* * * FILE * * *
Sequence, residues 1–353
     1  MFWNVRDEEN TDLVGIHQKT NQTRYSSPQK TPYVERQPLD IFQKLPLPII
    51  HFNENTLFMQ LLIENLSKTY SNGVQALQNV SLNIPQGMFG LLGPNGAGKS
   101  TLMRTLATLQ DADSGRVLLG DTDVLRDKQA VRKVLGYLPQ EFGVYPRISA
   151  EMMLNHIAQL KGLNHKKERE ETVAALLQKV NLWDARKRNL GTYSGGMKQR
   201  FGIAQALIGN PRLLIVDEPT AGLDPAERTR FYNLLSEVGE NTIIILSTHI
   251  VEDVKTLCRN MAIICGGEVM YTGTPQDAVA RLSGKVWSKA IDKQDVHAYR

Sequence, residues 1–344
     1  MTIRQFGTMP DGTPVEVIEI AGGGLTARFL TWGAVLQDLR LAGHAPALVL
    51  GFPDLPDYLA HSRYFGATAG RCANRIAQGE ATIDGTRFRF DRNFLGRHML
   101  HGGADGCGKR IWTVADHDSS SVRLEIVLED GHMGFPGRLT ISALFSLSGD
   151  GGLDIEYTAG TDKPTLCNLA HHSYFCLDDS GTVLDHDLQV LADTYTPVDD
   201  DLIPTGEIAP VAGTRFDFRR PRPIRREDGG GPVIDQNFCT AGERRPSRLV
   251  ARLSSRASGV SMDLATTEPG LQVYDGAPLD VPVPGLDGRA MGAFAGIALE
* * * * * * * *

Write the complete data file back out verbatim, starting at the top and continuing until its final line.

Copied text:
Sequence, residues 1–353
     1  MFWNVRDEEN TDLVGIHQKT NQTRYSSPQK TPYVERQPLD IFQKLPLPII
    51  HFNENTLFMQ LLIENLSKTY SNGVQALQNV SLNIPQGMFG LLGPNGAGKS
   101  TLMRTLATLQ DADSGRVLLG DTDVLRDKQA VRKVLGYLPQ EFGVYPRISA
   151  EMMLNHIAQL KGLNHKKERE ETVAALLQKV NLWDARKRNL GTYSGGMKQR
   201  FGIAQALIGN PRLLIVDEPT AGLDPAERTR FYNLLSEVGE NTIIILSTHI
   251  VEDVKTLCRN MAIICGGEVM YTGTPQDAVA RLSGKVWSKA IDKQDVHAYR

Sequence, residues 1–344
     1  MTIRQFGTMP DGTPVEVIEI AGGGLTARFL TWGAVLQDLR LAGHAPALVL
    51  GFPDLPDYLA HSRYFGATAG RCANRIAQGE ATIDGTRFRF DRNFLGRHML
   101  HGGADGCGKR IWTVADHDSS SVRLEIVLED GHMGFPGRLT ISALFSLSGD
   151  GGLDIEYTAG TDKPTLCNLA HHSYFCLDDS GTVLDHDLQV LADTYTPVDD
   201  DLIPTGEIAP VAGTRFDFRR PRPIRREDGG GPVIDQNFCT AGERRPSRLV
   251  ARLSSRASGV SMDLATTEPG LQVYDGAPLD VPVPGLDGRA MGAFAGIALE